Opportunities to travel abroad abound for students at Transylvania. Everyone on campus seems to have their own exhilarating story of zip-lining atop Panamanian tropical forests, cliff-diving in Italy, surmounting the Great Wall of China. Beyond mere scholastic value, experiences abroad allow for intimate encounters with cultures students would otherwise never come across. Which is all wonderful…albeit less wonderful when you, the recipient of these awesome anecdotes, have never, actually…you know…been out of the country. But that was before I spent a month in Greece, and now I have my very own “Most Interesting Man in the World”-esque stories of cross-continental merry making to add to the already robust canon of such tales.
Of course, I almost didn’t make it to Greece. Upon arriving to the Louisville airport- that is approximately two miles from my home- we discovered that my mothers passport had mysteriously replaced my own. After a total meltdown, my aunt came to the rescue and provided that golden ticket of identificationary documentation. 16 plus hours of travel time is not so bad when your non-refundable plane ticket almost becomes as valuable as a losing scratch off. If my interest and excitement been piqued beforehand, the adventuresome start made me that much more engaged. Upon landing in Athens, my group and I were thrust, quite literally, into a different world.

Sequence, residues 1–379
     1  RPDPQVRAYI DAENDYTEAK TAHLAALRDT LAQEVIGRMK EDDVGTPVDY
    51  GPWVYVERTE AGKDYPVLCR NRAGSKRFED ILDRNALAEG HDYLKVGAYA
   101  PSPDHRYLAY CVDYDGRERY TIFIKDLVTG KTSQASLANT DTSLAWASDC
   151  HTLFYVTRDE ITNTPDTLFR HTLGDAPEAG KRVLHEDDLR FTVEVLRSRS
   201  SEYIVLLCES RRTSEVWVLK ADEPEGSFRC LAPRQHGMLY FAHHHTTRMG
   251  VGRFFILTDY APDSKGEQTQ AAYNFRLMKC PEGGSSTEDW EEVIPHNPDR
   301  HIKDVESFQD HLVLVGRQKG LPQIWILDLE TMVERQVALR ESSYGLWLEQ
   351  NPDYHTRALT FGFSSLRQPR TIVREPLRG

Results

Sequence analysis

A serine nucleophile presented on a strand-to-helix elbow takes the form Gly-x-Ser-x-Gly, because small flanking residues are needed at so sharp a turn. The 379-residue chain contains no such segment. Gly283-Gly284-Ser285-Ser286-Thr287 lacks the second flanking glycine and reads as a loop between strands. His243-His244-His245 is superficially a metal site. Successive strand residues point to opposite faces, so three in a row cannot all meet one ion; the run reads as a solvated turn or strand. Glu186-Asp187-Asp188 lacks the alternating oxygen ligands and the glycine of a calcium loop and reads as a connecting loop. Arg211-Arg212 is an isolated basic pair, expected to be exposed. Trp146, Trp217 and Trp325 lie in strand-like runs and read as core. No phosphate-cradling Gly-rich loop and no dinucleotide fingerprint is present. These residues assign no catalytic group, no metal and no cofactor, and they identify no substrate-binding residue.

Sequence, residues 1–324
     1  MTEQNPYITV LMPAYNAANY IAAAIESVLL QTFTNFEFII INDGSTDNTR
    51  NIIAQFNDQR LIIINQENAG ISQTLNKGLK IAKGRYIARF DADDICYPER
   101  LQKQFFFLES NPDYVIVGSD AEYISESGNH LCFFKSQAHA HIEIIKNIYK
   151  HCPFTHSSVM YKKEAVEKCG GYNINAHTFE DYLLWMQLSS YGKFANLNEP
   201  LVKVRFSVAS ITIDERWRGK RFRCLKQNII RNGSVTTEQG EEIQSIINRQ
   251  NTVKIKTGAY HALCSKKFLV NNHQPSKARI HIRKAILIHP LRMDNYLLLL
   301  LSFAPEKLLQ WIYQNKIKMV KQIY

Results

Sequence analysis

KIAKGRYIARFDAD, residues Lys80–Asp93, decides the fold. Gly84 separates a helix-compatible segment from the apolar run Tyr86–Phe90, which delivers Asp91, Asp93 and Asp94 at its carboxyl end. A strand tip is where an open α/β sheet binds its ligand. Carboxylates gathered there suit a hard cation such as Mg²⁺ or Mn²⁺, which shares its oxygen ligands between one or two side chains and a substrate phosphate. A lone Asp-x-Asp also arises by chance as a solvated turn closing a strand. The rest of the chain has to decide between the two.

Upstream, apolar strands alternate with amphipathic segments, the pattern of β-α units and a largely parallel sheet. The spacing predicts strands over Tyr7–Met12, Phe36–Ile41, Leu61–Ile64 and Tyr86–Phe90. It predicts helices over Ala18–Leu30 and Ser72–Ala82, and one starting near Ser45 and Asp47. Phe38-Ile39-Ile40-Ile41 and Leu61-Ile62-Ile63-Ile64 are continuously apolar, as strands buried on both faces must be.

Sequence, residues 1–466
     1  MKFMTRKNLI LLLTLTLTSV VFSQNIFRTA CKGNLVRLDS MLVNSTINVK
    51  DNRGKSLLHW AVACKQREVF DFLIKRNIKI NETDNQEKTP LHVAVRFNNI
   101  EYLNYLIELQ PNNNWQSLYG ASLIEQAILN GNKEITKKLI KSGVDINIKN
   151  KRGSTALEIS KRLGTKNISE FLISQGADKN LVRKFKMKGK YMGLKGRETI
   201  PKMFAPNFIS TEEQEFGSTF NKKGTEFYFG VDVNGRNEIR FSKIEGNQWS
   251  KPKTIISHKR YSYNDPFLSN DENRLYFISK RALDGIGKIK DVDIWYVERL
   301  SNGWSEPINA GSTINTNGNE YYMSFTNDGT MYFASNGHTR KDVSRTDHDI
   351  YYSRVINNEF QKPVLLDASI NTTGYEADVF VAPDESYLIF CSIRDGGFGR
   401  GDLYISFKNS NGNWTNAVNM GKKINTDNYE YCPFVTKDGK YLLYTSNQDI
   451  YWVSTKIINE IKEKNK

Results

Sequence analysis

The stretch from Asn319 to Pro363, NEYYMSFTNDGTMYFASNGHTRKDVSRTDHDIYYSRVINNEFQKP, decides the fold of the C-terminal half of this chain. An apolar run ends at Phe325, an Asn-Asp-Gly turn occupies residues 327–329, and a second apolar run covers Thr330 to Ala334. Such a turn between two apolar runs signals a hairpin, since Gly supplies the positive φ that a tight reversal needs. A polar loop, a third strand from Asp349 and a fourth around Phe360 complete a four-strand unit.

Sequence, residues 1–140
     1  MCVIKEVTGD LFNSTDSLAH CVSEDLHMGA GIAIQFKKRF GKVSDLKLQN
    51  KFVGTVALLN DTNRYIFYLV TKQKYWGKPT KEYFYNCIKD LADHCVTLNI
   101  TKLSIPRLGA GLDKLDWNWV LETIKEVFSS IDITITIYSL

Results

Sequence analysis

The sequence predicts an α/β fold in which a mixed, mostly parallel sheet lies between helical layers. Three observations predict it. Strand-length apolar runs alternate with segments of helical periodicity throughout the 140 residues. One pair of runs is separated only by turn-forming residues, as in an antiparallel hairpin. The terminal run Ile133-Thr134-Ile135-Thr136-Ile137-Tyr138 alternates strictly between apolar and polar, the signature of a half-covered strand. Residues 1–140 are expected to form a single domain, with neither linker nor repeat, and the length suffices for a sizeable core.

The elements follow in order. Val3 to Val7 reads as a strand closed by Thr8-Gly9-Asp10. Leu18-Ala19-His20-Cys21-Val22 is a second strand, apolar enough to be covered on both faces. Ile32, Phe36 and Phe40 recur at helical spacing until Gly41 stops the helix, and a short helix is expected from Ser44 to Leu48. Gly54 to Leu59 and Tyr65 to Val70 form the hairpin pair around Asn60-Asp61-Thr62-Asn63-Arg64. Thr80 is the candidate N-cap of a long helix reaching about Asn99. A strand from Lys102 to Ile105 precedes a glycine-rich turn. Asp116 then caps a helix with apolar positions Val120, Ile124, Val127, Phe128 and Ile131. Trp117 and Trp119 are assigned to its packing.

Similar to New York, the hub-bub of frantic daily business is tinged with an old world feel- a Footlocker displaying the newest array of Nike runners stands next to a dilapidated junk store- that sets a unique and thought-provoking ambiance. Staying in the Hotel Attalos, square in the heart of the city, my group of 28 were rapt, dumbfounded by the view; the Attalos has a completely unimpeded view of the ancient Parthenon, arguably the most famous and beautiful piece of architecture from ancient Greece. Mesmerizing and inspirational, the Parthenon, less ideally, represents a quizzical quandary for many Grecians and international observers alike, namely, how does a nation once resting atop the world’s totem pole, a nation that literally founded democracy, become the owner’s of the most impotent economy outside the developing world? Continue reading